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  • #16
    Originally posted by Dragonfly View Post
    Re: skin issue. Certainly could be leaky gut. My eczema went away when I went Primal and was100% gluten-free for a few months.

    Re: keto and gut health. Mine has never been better. Here's another viewpoint that posits that our gut bacteria are really out for themselves.
    Hyperlipid: Search results for Fiaf

    Re: D3 supplementation. I've read similar arguments, but the weight of evidence is not supportive of his thesis. See the Vitamin D Council website articles and links. I am happy to discuss this at length, but I hate typing, lol! You can pm me if you want to skype! My own n=1 is that sun exposure was insufficient for MY optimal health. Inflammatory conditions and autoimmune can benefit from therapeutic doses of D3.

    In any case, living in Ireland you are almost definitely D3 deficient, unless you holiday in warmer climes for a couple of months a year. Most of my nutrition clients are UK-based and ALL of them have tested as severely deficient. All of them have reported great health benefits after a few months of supplementation.
    Interesting. I might reconsider taking vitamin D. I vaguely remember reading--and warning, this may be completely wrong-- that the beneficial effect of vitamin D is that it reduces the activity of the immune system in some ways, thus lessening the aggressiveness of autoimmune conditions.

    edit: I should add that the link I posted was tweeted by Robb Wolf a few months ago (without commentary), which made me pay more attention to it. I wonder what his current stance on vitamin D is.

    Originally posted by Dragonfly View Post
    Liver is your best bet for B vitamins, Vitamin A and K2. There is some tasty pâté available in your neck of the woods!

    Changing things up can be helpful for certain goals, like fat loss, but gut healing and brain healing might benefit from more consistency, IME. Not to discourage you from adding carbs, but gut health can take a couple of years to regain and there is no harm done in staying lc or vlc, if it is working for you.

    Nutrient density is important for gut healing, so liver, other organ meats, cheese, seafood, eggs and bone broth are really key.
    I have a big question, for you or for anyone else:

    Low carb diets have been implicated in high cortisol, e.g:

    "[A low-carb] diet will lead to an elevation of catabolic stress hormones, while [a high-carb diet] has been shown to increase thyroid hormone triiodothyronine (T3), increase testosterone, and decrease cortisol, the anti-hair, pro-misery stress hormone (here, here, here (PDF), & here)." (links in original document)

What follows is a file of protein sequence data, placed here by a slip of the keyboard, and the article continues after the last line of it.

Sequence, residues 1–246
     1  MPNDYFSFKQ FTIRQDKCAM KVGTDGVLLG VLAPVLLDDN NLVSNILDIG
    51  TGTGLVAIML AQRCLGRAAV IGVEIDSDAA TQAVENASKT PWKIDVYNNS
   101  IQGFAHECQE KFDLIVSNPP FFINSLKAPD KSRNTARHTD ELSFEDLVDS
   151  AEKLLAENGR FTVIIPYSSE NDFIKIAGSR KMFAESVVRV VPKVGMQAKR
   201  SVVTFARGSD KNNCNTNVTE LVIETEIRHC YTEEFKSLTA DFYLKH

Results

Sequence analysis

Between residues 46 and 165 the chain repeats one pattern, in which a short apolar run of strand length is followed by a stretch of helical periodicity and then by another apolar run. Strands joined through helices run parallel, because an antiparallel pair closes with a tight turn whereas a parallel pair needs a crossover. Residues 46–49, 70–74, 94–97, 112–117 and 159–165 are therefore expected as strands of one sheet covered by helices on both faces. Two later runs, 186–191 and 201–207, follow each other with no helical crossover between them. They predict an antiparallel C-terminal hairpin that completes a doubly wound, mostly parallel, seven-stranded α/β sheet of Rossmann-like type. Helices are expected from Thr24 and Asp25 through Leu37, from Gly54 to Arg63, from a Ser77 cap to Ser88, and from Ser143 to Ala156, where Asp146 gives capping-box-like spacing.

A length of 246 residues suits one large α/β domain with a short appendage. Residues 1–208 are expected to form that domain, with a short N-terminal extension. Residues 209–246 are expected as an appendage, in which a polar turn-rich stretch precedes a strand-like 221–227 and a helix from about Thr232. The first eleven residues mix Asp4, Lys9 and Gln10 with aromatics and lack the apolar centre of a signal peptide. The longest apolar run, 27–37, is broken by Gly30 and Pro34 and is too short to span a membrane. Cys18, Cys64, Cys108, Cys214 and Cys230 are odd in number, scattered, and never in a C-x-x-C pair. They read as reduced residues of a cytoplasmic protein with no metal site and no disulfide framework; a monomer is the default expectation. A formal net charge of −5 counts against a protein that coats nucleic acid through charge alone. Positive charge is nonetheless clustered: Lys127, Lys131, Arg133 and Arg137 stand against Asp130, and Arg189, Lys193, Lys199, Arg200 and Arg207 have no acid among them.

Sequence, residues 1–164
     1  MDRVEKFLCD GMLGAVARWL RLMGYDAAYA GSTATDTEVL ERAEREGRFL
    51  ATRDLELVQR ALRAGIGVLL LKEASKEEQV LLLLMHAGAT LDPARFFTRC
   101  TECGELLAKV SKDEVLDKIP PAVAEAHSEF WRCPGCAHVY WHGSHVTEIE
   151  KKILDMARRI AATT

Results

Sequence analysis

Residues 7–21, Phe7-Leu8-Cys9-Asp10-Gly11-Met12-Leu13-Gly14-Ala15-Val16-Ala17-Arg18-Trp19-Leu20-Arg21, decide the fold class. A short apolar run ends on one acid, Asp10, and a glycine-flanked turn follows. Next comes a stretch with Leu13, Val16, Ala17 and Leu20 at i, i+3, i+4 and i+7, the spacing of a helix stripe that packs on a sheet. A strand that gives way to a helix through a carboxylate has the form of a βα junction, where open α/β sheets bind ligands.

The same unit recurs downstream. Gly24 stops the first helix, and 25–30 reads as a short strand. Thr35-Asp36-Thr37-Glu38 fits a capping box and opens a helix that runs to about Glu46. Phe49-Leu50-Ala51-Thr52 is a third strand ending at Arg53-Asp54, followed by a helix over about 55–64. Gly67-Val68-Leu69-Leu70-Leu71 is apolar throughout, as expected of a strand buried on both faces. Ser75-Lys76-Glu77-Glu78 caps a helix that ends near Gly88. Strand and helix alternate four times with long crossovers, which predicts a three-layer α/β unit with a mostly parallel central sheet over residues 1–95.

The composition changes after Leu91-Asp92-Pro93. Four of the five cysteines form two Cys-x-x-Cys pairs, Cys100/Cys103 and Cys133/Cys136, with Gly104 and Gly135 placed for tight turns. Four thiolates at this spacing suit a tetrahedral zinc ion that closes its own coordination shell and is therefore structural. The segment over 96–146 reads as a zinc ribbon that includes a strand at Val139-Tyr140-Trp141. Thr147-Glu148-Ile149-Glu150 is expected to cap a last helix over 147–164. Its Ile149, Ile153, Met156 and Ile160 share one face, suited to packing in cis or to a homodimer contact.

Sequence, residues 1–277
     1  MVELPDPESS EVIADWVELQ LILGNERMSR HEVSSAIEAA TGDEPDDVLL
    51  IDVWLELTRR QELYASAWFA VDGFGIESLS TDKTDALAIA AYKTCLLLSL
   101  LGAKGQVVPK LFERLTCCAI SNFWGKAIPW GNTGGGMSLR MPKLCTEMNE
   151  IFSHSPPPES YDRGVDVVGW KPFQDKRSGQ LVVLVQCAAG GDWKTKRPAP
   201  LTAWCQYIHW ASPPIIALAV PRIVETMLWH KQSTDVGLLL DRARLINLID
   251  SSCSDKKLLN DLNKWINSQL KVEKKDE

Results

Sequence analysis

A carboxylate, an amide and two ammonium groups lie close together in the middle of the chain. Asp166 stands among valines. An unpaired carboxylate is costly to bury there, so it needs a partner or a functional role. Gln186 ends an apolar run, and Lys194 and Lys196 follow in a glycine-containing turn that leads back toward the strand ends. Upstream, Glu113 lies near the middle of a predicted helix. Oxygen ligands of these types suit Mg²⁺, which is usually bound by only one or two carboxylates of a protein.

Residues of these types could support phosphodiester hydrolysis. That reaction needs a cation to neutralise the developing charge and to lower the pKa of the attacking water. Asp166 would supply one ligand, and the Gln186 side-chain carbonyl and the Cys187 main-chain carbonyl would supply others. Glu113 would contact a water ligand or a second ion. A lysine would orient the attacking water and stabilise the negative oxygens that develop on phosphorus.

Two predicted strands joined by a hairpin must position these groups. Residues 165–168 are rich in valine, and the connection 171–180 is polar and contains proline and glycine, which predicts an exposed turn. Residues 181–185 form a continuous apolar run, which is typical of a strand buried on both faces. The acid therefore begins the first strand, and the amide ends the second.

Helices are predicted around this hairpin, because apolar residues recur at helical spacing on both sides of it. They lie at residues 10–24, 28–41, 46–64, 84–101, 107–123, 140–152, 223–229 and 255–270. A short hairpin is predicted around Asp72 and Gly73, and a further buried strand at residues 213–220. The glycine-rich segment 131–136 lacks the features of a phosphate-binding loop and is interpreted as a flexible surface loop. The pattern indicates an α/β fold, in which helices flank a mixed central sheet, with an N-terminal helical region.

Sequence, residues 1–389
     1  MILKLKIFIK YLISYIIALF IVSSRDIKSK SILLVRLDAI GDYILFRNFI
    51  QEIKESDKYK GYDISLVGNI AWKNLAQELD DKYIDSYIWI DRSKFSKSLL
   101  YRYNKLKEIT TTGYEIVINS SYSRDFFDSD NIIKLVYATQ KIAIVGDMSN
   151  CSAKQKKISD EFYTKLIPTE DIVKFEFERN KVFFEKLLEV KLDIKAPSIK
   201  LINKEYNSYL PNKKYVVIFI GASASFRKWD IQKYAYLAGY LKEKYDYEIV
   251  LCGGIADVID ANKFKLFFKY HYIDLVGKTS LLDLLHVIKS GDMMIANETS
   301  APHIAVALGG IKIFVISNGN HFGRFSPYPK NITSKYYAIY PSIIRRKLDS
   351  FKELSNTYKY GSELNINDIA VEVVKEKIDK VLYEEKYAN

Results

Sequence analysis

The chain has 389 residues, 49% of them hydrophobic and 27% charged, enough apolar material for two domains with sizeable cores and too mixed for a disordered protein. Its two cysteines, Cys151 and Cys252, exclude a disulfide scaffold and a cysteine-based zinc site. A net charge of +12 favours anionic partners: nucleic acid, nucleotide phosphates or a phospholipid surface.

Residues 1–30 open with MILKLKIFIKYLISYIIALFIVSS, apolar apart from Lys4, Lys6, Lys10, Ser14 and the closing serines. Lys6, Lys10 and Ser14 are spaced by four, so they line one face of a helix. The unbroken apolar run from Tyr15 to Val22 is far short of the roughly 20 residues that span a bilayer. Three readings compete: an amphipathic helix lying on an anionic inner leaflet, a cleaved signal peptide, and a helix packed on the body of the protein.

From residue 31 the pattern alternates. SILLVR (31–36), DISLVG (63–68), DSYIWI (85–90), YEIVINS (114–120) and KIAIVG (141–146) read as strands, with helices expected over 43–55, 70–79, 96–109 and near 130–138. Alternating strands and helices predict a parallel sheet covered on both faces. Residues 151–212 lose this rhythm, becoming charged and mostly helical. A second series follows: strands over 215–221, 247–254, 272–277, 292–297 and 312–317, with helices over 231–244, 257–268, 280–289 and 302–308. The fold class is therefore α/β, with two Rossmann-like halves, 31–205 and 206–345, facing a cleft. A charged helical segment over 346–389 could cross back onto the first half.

Is this the case? Can it be mitigated by carbing up at the weekend?
    Last edited by Sabre; 07-16-2013, 07:10 AM.

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    • #17
      Frozen yogurt is your friend. Do homemade if you can.
      Don't put your trust in anyone on this forum, including me. You are the key to your own success.

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      • #18
        Originally posted by Sabre View Post
        I have a big question, for you or for anyone else:
        Low carb diets have been implicated in high cortisol, e.g:

        "[A low-carb] diet will lead to an elevation of catabolic stress hormones, while [a high-carb diet] has been shown to increase thyroid hormone triiodothyronine (T3), increase testosterone, and decrease cortisol, the anti-hair, pro-misery stress hormone (here, here, here (PDF), & here)." (links in original document)

        Is this the case? Can it be mitigated by carbing up at the weekend?
        That is a Danny Roddy (i.e. a sockpuppet for Ray Peat) piece and I wouldn't take it seriously.
        Yes, going low carb is stressful for the primarily sugar burning metabolisms that SAD eaters have. This is why people get "carb flu" when in this transition. Once past that transition,however, there is no evidence that there is any stress involved. Living off of ketones is the most natural thing in the world.
        What is truly stressful long term is continuing with such an inflexible sugar based metabolism that needs to be fed every three hours to stave off hypoglycemia.
        P.S. Danny Roddy makes most of his money off of a book and blog called "Hair like a Fox" which sells snake oil to insecure balding males. He is a joke.

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        • #19